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democracy, and design in urban spaces
The success of technology transfer has been
modest. The total value remains relatively small, only about $750
million in 2000. And this is mostly limited to a few universities
with very successful partnerships. Given the enormous effort weve
put into technology transfer offices, the return has not been great
so far. As it is done today, technology transfer is inefficient,
cumbersome, and often unprofitable. . . . Yet in areas like genomics,
the majority of intellectual capital resides in academic institutions.
Projects [of New Urbanism] are of interest to rhetoricians I believe
for two main reasons: first, because so much of their hold depends
on certain representational practices and argumentative tacticstheir
incessant use of the word community, for example.
But second, the proponents of these plans claim that their designs
actually promote social discourse. Their cities are literally
designed for talk. Public space is given primacy over private
space. Just as the single-family dwelling with a yard as the quintessential
physical feature of the American social landscape has no doubt
influenced the actual structure and behavior of the American family,
I believe that different kinds of urban space could influence
the language and social behavior that take place there. But while
Im arguing that space has some influence on the discursive
practices that take place, I also admit that language has an influence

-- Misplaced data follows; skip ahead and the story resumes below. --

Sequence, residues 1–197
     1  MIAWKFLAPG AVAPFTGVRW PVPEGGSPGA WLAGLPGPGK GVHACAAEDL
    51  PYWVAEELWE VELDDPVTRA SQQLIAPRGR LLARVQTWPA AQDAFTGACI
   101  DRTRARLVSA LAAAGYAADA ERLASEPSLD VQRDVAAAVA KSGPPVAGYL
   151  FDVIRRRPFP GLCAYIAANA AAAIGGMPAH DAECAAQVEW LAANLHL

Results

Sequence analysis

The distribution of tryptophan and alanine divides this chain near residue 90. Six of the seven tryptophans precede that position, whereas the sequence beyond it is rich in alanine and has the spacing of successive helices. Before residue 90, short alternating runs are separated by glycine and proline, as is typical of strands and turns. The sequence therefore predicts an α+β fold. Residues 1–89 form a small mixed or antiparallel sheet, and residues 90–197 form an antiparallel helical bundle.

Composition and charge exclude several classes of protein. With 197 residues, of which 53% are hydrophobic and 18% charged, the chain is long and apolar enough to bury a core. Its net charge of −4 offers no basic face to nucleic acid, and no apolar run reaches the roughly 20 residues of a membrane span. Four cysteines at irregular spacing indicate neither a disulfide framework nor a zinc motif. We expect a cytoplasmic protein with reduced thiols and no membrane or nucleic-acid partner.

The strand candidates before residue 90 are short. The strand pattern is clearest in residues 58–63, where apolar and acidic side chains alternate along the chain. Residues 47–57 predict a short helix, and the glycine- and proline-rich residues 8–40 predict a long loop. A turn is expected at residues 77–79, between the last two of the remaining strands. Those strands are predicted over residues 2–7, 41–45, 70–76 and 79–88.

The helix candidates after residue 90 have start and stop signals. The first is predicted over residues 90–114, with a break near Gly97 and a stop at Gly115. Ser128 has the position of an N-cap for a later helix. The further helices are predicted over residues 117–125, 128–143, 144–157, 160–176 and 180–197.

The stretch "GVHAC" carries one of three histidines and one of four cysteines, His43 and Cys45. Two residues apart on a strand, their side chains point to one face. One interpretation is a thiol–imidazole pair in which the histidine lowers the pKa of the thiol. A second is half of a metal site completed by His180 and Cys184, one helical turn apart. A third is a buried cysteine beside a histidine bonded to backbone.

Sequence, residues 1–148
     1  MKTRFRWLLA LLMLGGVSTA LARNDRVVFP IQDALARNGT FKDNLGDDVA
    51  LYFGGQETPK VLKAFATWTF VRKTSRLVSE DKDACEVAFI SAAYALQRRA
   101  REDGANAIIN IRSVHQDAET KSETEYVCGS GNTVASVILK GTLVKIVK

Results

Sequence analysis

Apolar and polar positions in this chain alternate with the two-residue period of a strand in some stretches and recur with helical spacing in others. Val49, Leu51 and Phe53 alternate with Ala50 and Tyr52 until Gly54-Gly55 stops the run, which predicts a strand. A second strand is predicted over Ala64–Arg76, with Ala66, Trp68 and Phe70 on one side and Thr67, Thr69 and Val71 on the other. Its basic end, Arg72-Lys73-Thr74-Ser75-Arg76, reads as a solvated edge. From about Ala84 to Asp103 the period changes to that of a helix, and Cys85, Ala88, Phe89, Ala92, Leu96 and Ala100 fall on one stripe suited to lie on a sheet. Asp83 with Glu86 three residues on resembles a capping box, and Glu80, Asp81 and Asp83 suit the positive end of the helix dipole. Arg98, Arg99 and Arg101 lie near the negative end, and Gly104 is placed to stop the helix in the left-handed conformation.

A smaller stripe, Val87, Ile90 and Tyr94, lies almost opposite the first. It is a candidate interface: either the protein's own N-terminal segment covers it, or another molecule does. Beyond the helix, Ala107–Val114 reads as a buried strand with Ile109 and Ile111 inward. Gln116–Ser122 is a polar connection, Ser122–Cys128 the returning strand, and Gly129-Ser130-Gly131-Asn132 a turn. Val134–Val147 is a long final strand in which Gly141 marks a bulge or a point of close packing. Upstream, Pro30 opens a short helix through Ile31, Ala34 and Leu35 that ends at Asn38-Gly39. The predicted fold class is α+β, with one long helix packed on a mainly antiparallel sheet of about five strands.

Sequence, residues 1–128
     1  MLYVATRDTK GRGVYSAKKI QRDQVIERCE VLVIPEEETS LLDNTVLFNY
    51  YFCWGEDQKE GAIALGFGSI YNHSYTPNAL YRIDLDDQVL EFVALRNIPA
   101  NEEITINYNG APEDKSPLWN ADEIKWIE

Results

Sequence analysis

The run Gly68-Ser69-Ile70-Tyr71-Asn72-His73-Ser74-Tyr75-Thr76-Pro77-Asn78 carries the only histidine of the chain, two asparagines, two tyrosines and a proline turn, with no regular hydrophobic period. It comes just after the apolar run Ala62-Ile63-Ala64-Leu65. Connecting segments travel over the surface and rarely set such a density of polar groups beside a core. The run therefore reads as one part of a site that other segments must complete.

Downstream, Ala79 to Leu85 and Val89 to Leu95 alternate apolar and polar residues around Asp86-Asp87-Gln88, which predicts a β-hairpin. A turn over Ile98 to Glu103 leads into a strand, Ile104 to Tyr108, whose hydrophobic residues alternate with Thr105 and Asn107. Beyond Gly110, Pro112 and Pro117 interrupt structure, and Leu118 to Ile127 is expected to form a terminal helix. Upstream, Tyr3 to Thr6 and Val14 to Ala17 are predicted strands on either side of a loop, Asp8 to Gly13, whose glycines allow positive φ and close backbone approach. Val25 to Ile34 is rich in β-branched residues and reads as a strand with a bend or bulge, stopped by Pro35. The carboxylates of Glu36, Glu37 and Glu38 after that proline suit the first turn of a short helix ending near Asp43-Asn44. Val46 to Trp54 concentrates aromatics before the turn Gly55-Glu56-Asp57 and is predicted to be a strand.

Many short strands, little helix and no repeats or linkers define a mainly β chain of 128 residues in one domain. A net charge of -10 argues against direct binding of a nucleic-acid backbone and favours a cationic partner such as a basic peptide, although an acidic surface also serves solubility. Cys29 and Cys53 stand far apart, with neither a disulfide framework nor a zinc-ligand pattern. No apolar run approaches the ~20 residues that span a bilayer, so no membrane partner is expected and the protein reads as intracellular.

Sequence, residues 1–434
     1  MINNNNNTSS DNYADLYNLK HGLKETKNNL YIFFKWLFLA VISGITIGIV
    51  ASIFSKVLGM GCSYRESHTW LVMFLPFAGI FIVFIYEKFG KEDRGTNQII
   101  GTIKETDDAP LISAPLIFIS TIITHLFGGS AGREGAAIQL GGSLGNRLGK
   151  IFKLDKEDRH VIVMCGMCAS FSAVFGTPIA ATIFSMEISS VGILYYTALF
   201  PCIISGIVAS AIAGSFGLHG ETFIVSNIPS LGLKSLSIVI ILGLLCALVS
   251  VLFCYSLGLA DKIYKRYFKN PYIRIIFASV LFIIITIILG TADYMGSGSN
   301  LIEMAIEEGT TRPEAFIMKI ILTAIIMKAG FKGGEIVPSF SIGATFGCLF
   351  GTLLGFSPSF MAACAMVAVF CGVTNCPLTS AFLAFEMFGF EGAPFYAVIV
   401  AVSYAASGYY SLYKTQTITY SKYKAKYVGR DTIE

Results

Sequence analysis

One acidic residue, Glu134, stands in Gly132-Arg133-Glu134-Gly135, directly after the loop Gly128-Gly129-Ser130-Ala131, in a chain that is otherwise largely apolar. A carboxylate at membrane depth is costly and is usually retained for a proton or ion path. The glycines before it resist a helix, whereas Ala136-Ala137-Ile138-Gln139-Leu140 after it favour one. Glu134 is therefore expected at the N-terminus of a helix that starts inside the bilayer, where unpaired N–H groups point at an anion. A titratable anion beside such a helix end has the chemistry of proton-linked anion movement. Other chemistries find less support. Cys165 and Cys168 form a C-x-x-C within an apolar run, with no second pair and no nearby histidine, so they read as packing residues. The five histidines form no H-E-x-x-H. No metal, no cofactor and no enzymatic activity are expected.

on the spaces we develop, so I think its actually better
seen as a reciprocal relationship.
David Fleming, Assistant Professor of English, University
of Wisconsin-Madison, speaking on City of Rhetoric: Discourse,
Democracy, and Design
in the Redevelopment of an Urban Neighborhood on March 5,
Joseph B. Martin, Dean of the Faculty of Medicine, Harvard
Medical School, speaking as part of the Future Makers Lecture Series,
sponsored by the Robert W. Woodruff Health Sciences Center, March
The University Advisory Council on Teaching, the Office of Faculty
Resources for Inclusive Instruction, and the Center for Teaching
and Curriculum in Emory College are sponsoring Mel Levine, Professor
of Pediatrics and Director of the Center for the Study of Development
and Learning at UNCChapel Hill.
Public lecture: "How
Learning Works When It's Working," September 10, 8:00 p.m.,
Tull Auditorium, Law School.
Faculty workshop (includes small stipend): "Dealing
with the Universality of Diversity Among Learners in College and
Beyond," September 11, 8:301:30. Workshop space is
limited; please contact Wendy Newby, 727-6766 or firstname.lastname@example.org
for more information.